Monday, December 21, 2009

To Juan at the Winter Solstice by Robert Graves

This is a tribute to this time of year by mythologist and poet Robert Graves. In keeping with Graves' concept of primitive European culture being matriarchal, this poem refers to the cycle of birth, death and rebirth of the consort to the great mother that is earth itself. At this, the shortest day of the year when the folkloric newborn oak king's power waxes while winter's holly king's power over the earth wanes, it seems an appropriate poem to reproduce here:

To Juan at the Winter Solstice by Robert Graves

There is one story and one story only
That will prove worth your telling,
Whether as learned bard or gifted child;
To it all lines or lesser gauds belong
That startle with their shining
Such common stories as they stray into.

Is it of trees you tell, their months and virtues,
Or strange beasts that beset you,
Of birds that croak at you the Triple will?
Or of the Zodiac and how slow it turns
Below the Boreal Crown,
Prison to all true kings that ever reigned?

Water to water, ark again to ark,
From woman back to woman:
So each new victim treads unfalteringly
The never altered circuit of his fate,
Bringing twelve peers as witness
Both to his starry rise and starry fall.

Or is it of the Virgin's silver beauty,
All fish below the thighs?
She in her left hand bears a leafy quince;
When, with her right hand she crooks a finger, smiling,
How many the King hold back?
Royally then he barters life for love.

Or of the undying snake from chaos hatched,
Whose coils contain the ocean,
Into whose chops with naked sword he springs,
Then in black water, tangled by the reeds,
Battles three days and nights,
To be spewed up beside her scalloped shore?

Much snow if falling, winds roar hollowly,
The owl hoots from the elder,
Fear in your heart cries to the loving-cup:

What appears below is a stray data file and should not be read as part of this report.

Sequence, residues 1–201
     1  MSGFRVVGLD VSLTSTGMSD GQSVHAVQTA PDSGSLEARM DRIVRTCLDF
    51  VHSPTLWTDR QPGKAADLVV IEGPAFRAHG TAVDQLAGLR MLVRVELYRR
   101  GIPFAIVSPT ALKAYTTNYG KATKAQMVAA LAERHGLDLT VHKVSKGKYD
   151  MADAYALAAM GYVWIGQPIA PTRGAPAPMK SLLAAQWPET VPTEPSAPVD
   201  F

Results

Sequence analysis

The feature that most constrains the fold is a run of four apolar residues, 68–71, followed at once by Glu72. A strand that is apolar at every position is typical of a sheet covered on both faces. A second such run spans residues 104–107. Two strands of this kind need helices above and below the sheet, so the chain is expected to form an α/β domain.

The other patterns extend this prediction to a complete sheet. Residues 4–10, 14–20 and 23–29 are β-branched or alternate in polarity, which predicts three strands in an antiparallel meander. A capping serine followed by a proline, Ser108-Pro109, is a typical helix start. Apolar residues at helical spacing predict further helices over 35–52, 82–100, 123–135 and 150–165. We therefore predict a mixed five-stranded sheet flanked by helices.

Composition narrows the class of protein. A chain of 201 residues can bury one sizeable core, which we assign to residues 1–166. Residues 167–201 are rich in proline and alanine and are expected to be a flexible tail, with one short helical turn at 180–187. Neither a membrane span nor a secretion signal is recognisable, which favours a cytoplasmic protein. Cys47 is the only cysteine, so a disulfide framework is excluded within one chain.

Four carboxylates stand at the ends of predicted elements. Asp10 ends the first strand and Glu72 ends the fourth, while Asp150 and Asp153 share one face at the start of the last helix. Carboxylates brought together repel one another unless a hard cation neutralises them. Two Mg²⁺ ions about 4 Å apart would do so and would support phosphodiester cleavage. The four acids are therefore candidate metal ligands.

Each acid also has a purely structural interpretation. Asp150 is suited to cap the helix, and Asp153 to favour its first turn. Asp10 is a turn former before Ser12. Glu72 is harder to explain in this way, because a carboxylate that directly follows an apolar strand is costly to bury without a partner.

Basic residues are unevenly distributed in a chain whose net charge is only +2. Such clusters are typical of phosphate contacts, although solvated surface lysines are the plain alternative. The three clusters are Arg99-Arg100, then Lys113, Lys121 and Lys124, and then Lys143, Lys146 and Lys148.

Sorrow to sorrow as the sparks fly upward.
The log groans and confesses:
There is one story and one story only.

Dwell on her graciousness, dwell on her smiling,
Do not forget what flowers
The great boar trampled down in ivy time.
Her brow was creamy as the crested wave,
Her sea-blue eyes were wild
But nothing promised that is not performed.

Happy Winter Solstice

Yesterday, we dug ourselves out of the first snow storm of the season. As usual, it wasn't as bad as predicted by the sky-is-falling weather forecasters. But it was plenty of snow nevertheless and, while I don't usually like the snow because of the hard work of clean-up, the house did look beautiful surrounded by an expanse of clean white. The sky was light blue, the deciduous trees bare but for the snow covering their branches, the house cast in a glow of reflected sunlight off the unblemished snow.

How ironic that this snow came fast on the Winter Solstice today. As the days in the northern hemisphere begin to lengthen and the promise of brighter days takes hold, we can be happy that the Holly King (the mythical figure of winter) will gradually lose hold and give way to the Oak King. The winter snows will ultimately melt, nourishing the roots of plants that will flourish once again in the springtime. The buds are set, waiting to break forth once the sunlight and warmth are intense enough. It's precisely the promise of life reborn that so many cultures throughout human history have celebrated at this, literally the darkest time of year.